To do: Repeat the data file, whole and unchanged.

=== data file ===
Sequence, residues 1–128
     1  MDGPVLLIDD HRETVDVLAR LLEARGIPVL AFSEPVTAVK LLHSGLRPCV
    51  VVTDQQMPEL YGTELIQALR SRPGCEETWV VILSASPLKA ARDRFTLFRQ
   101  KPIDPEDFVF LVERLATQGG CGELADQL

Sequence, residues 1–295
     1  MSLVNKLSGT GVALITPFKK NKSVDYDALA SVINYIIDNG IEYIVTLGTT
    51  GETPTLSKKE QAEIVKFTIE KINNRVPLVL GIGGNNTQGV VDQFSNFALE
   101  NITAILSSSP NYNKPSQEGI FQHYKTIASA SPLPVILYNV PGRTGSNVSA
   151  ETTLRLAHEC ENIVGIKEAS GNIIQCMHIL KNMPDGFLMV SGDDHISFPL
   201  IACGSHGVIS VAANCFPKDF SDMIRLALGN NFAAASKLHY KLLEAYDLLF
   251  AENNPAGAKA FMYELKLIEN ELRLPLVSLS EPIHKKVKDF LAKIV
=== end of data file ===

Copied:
Sequence, residues 1–128
     1  MDGPVLLIDD HRETVDVLAR LLEARGIPVL AFSEPVTAVK LLHSGLRPCV
    51  VVTDQQMPEL YGTELIQALR SRPGCEETWV VILSASPLKA ARDRFTLFRQ
   101  KPIDPEDFVF LVERLATQGG CGELADQL

Sequence, residues 1–295
     1  MSLVNKLSGT GVALITPFKK NKSVDYDALA SVINYIIDNG IEYIVTLGTT
    51  GETPTLSKKE QAEIVKFTIE KINNRVPLVL GIGGNNTQGV VDQFSNFALE
   101  NITAILSSSP NYNKPSQEGI FQHYKTIASA SPLPVILYNV PGRTGSNVSA
   151  ETTLRLAHEC ENIVGIKEAS GNIIQCMHIL KNMPDGFLMV SGDDHISFPL
   201  IACGSHGVIS VAANCFPKDF SDMIRLALGN NFAAASKLHY KLLEAYDLLF
   251  AENNPAGAKA FMYELKLIEN ELRLPLVSLS EPIHKKVKDF LAKIV